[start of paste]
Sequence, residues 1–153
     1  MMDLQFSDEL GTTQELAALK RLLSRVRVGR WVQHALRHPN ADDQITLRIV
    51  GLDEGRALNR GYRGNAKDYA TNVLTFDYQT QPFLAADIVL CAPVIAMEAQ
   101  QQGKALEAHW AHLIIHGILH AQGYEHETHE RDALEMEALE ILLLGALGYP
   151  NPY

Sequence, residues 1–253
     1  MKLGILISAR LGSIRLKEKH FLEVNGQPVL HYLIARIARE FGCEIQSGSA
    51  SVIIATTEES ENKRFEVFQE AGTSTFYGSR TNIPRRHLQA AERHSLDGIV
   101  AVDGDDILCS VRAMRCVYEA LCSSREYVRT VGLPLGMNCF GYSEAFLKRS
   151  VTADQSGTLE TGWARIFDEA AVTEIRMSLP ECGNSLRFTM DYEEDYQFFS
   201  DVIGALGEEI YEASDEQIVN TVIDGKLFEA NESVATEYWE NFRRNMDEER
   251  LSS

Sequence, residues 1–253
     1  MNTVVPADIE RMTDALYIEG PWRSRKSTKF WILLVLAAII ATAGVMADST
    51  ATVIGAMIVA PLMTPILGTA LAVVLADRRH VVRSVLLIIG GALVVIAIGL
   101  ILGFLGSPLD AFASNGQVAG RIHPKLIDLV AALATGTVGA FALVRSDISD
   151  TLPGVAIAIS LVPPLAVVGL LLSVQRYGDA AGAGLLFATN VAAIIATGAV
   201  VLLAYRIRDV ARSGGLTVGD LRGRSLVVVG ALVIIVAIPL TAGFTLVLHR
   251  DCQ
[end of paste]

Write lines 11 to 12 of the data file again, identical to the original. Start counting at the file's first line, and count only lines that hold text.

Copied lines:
   201  DVIGALGEEI YEASDEQIVN TVIDGKLFEA NESVATEYWE NFRRNMDEER
   251  LSS